The Cherokee County Livestock Show is a family affair for many of those involved, as it's become a tradition passed down in households.

The show continued Friday with the hog portion of the event, as students from throughout the county brought in their best pigs to garner the attention of the judge. It wasn't only the pigs judge Joe Sneeden was impressed with, though.

"Every time I get to come and interact with these kids, they're always class acts," said Sneeden. "They always do the right things, and that's a testament to the adults that are behind them and help them."

Many of those adults were once in the show ring themselves, and now assist their kids with preparing for livestock competitions. It's a practice generations of local families have participated in, as many of the students started working with animals at an early age. Casen Steeley began showing when he was 8-years-old, and it's something his father did when he was younger.

Steeley said the pig is his favorite animal, but it takes some effort to get his show ready.

"I like pigs and they're just my animal, I guess," he said. "You got to make sure their hair is better than it was when you got them. You've got to clip it and make sure they look good."

The livestock circuit can keep the students busy throughout the year. Some of them attend anywhere from 10 to 15 shows a year. It's all about working with the animals and getting to know the people with similar interests for Colton Combs, who started working with pigs in the third grade.

"As soon as I started 4-H, I was showing," said Combs. "My family has always been involved in it. My sister showed and I'm the youngest, so I just took after them. Pigs have always been our thing."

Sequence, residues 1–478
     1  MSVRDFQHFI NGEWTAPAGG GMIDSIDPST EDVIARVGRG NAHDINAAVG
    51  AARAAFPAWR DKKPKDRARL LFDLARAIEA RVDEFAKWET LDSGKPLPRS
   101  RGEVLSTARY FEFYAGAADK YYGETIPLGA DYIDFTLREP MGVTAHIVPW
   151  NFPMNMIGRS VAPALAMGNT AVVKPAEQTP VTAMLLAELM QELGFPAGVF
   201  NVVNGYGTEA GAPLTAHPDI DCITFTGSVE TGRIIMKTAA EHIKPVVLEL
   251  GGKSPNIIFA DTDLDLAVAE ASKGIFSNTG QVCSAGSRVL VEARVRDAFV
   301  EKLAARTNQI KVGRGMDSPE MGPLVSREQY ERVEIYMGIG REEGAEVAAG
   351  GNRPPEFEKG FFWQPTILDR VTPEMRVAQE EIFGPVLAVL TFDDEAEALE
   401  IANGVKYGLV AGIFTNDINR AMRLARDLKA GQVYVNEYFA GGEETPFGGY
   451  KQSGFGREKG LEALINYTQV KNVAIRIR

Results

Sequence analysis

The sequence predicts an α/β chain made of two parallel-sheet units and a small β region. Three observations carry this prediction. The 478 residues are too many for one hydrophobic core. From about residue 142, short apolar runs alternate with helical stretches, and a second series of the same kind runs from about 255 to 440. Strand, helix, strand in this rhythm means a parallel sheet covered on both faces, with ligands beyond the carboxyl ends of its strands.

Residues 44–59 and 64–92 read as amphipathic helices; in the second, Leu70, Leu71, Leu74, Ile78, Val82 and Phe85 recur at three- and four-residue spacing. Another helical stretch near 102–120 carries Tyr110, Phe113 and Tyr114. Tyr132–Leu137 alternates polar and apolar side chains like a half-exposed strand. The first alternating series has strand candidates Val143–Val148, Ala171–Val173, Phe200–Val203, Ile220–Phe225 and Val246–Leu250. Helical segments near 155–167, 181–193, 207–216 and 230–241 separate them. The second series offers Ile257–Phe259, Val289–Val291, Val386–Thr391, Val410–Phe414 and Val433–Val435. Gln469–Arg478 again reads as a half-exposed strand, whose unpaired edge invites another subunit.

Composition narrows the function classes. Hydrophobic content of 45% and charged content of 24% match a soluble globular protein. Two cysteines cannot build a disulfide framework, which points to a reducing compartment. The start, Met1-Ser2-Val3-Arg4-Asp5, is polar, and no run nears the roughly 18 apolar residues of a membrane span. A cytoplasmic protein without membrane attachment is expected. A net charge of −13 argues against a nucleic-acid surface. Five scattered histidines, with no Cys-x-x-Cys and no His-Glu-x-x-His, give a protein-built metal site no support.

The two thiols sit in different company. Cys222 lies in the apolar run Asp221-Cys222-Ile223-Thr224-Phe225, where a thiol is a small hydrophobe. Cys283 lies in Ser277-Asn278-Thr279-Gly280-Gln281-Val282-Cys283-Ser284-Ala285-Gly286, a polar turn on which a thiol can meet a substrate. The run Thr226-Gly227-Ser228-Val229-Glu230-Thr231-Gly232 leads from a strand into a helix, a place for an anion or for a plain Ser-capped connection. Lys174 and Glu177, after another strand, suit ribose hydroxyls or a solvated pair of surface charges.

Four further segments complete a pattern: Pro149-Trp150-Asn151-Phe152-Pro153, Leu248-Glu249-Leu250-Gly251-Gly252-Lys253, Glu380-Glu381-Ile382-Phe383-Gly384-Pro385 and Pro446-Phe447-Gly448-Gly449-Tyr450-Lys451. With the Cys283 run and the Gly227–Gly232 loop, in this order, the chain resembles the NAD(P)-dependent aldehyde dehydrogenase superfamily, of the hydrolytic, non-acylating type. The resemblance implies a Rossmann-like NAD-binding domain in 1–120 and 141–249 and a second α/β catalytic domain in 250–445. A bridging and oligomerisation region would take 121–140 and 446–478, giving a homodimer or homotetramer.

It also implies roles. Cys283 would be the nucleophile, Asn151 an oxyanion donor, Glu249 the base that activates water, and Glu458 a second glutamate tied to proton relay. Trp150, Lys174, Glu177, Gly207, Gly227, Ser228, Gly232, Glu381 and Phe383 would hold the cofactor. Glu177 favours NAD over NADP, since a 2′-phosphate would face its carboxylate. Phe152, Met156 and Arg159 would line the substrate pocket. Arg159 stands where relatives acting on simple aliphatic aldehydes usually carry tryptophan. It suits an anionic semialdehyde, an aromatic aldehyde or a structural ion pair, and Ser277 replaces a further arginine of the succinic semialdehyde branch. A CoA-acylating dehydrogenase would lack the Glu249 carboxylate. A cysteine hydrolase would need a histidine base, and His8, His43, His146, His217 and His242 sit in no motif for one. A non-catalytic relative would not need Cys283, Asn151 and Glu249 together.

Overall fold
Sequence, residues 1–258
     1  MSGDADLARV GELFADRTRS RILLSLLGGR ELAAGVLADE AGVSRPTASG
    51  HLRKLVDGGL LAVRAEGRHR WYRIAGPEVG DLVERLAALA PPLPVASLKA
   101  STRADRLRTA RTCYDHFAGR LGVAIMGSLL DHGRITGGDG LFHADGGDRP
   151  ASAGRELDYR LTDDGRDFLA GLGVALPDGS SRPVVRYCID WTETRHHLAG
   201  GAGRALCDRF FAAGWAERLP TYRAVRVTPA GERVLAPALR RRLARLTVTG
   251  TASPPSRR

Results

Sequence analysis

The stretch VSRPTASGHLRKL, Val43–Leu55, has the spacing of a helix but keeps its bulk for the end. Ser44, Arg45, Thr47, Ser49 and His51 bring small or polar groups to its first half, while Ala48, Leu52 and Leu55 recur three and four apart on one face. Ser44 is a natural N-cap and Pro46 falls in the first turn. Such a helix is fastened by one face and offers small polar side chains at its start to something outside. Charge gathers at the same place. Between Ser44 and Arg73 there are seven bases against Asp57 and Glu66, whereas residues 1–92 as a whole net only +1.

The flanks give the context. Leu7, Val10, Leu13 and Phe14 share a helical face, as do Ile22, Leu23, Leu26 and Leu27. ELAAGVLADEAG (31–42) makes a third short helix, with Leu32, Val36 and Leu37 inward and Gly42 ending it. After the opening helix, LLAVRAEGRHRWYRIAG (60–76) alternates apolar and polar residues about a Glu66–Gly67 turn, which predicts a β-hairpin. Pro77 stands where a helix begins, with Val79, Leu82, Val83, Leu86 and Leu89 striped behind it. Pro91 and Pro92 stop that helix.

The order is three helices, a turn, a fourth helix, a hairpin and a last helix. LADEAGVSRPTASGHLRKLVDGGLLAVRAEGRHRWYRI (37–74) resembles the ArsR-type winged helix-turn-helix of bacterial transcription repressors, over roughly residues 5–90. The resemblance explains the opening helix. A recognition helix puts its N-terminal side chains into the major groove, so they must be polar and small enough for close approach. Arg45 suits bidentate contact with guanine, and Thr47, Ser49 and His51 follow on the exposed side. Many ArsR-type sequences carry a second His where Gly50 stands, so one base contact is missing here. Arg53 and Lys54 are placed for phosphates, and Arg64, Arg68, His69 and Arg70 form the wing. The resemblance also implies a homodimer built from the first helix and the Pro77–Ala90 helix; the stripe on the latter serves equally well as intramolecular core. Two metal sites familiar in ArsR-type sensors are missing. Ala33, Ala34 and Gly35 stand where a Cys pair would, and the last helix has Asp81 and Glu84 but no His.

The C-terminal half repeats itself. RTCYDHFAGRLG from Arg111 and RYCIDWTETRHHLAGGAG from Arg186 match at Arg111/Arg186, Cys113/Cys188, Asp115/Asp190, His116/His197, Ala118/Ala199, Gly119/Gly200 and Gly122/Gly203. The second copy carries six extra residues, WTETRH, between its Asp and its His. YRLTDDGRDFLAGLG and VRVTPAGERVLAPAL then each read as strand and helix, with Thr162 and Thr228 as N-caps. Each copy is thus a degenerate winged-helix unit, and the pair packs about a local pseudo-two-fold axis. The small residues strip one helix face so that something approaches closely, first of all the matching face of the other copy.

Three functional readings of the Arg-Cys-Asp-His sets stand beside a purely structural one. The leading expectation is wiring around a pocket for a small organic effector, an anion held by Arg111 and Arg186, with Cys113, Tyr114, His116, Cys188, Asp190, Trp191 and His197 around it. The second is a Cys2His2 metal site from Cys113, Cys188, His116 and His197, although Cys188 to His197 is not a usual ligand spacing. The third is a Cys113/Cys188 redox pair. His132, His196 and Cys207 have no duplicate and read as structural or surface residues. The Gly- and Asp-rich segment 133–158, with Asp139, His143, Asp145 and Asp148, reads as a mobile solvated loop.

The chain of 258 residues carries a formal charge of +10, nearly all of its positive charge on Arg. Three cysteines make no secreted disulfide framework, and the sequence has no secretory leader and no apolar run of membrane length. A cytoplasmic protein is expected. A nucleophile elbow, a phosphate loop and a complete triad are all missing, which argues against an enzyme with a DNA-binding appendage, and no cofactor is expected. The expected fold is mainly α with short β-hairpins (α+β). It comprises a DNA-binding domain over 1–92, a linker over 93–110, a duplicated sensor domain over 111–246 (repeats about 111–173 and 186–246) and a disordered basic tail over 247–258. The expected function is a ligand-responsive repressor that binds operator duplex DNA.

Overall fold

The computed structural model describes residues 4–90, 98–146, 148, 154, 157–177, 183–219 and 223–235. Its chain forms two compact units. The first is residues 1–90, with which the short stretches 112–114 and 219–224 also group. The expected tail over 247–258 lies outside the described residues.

Some students work with their animals during school, and others do it on their own time.

McKenna Hood, whose grandpa, father, siblings and cousins have all shown livestock, said she's always worked on her's family farm in Keys, but would hardly define it as "work."

"It doesn't really feel like work, because I'm hanging out with my dad and my grandparents," said Hood. "Our barn is over at our grandparents house, so it was always a bonding thing, rather than work. Some days it's work, but most of the time it's just hanging out and talking. You're scooping crap in the back of the barn and talking about a show you just watched. It's just fun."

As crowds circled the show ring at the Cherokee County Fair Grounds, students did their best to get the judge's attention and make themselves noticeable.

Unlike other shows, the hog portion features the students circling their pigs around the ring in no real direction, often times brushing up against one another as they vie for position in front of the judge.

Hood said it can look chaotic to those who don't know what's happening.

"When you're in the ring, you're constantly thinking about who is around you and your placement with the judge," she said. "You want the pig to be in front of you with the judge. You really have to constantly be thinking about, 'OK, the judge is there. What do you want him to see and how do I position myself to where my pig looks the best?'"

The show had a variety of breeds and classes, such as Berkshire, Chester, Yorkshire, Hampshire and more. Each breed has their own features, so what students want noticed in their pig depends on the pig's strengths.

"If the pig is better at walking, I hope he notices its feet, how it walks better, how flexible it is, and how it gets out and about," said Combs.

"If it's wider up front, I want its head to be up where he can see up front and see how wide it is. It just depends on each pig and what it's best at."

Trending Video